To celebrate the release of her debut YA novel The Exact Opposite of Okay, author Laura Steven shares her writing process with us.
Whenever someone asks me about my writing process, I shudder like a poltergeist has passed through my brain. Because even though I’ve written seven novel-shaped manuscripts, I still don’t fully understand how it happens.
It’s like I’m temporarily possessed with a creative demon, who forcibly sits me down at my desk and pushes words through my fingertips until the story is told. Also, this demon requires an almost constant stream of coffee and donuts. Does anyone know how I might arrange an exorcism?
In all seriousness, while writing my last few books – The Exact Opposite Of Okay, its sequel (out March 2019!), and another super secret project – I’ve stumbled on something vaguely resembling a process, which I shall share with you now.
I feel rather like I’m revealing an illegal hack, because my drafting speed increased by a solid 200% once I started using this method, so please use with caution. I cannot be held legally responsible for any writing whiplash sustained while adopting this approach.
- I always outline a project using three-act structure before I start drafting. This may seem unromantic and formulaic, but I have to know the bones of the story are solid first. So far, this has protected me from any major rewrites, because I know the structure and pace is sound.
- Now for the magic part. Before I start writing a scene (not a chapter – a scene), I jot down a few bullet points of the key things that have to happen. The important story beats I have to hit. What does this particular building block need to achieve?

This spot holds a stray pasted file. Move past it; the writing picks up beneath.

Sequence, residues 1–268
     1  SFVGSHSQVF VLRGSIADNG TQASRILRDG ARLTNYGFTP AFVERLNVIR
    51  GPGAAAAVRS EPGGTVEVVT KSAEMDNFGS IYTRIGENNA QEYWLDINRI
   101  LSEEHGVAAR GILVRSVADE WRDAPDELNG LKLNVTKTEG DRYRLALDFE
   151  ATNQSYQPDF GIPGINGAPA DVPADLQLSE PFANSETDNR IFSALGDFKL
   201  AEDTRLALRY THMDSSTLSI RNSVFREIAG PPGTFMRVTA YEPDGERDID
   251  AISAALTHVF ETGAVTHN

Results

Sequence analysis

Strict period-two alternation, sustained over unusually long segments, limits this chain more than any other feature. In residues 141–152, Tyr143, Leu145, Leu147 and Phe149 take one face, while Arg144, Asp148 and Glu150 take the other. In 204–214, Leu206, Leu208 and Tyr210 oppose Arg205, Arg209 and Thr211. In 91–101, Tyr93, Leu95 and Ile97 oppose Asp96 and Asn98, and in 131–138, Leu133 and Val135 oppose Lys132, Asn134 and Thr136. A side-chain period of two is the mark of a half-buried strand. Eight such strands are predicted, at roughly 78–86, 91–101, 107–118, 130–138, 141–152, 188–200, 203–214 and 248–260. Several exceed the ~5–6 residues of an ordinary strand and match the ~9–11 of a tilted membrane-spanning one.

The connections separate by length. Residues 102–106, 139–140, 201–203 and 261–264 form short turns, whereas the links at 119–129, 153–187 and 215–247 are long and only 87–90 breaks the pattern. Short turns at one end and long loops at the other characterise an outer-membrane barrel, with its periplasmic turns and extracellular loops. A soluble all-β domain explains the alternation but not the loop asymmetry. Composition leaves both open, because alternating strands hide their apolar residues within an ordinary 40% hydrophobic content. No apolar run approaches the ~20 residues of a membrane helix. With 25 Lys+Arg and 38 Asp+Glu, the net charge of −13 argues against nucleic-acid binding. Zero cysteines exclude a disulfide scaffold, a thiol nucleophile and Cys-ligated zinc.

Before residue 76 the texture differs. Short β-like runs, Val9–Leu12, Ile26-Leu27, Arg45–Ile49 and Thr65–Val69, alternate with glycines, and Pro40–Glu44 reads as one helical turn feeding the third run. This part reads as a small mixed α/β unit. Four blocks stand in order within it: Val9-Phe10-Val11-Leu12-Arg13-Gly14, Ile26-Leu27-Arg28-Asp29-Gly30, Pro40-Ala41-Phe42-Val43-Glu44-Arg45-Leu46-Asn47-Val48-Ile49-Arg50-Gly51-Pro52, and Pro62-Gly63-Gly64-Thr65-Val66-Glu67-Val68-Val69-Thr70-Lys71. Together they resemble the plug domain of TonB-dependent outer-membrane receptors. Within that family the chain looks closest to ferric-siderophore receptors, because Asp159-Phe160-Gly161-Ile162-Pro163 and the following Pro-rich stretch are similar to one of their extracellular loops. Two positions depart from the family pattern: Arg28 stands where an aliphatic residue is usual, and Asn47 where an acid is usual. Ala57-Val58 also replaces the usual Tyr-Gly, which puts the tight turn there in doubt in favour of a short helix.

- Next, I write the dialogue of the scene, from beginning to end. Weird, right? But it’s great. I don’t include tags, stage directions, descriptions… nothing but the dialogue. This is a super fast way of getting the bulk of a scene down on paper, with the added bonus that your dialogue flows a million times better.
- Go through and add all the tags, descriptions and stage directions. Flesh out the scene so it actually feels like prose, not a TV script.
- Do one last pass, this time adding introspection from your protagonist – the below surface level stuff, like their internal reactions, their thoughts and hopes and fears. Their doubts.
And, erm, now you have a scene! All the key elements have been taken care of, but by breaking it down into small, individual processes, it feels so much less intimidating than facing a blank page. Thinking, “I just have to write bullet points!” then “I just have to write dialogue!” then “I just have to add speech tags!” etc, feels so manageable. Hey, it works for me.
Love, the demon currently occupying Laura’s brain x
About Laura Steven
As well as mentoring aspiring authors through schemes like Writing In The Margins and Pitch Wars, Laura works for Mslexia, a non-profit organisation supporting women writers.
She has an MA in Creative Writing, and her TV pilot Clickbait – a mockumentary about journalists at a viral news agency – reached the final eight in British Comedy’s 2016 Sitcom Mission. Laura is represented by Suzie Townsend of New Leaf Literary and Media Inc.
About The Exact Opposite of Okay
Izzy O’Neill here! Impoverished orphan, aspiring comedian and Slut Extraordinaire, if the gossip sites are anything to go by . . .
Izzy never expected to be eighteen and internationally reviled. But when explicit photos involving her, a politician’s son and a garden bench are published online, the trolls set out to take her apart. Armed with best friend Ajita and a metric ton of nachos, she tries to laugh it off – but as the daily slut-shaming intensifies, she soon learns the way the world treats teenage girls is not okay. It’s the Exact Opposite of Okay.
Bitingly funny and shockingly relevant, The Exact Opposite of Okay is a bold, brave and necessary read. For readers of The Hate U Give by Angie Thomas, Doing It by Hannah Witton and Goodnight Stories for Rebel Girls by Elena Favilli and Francesca Cavallo.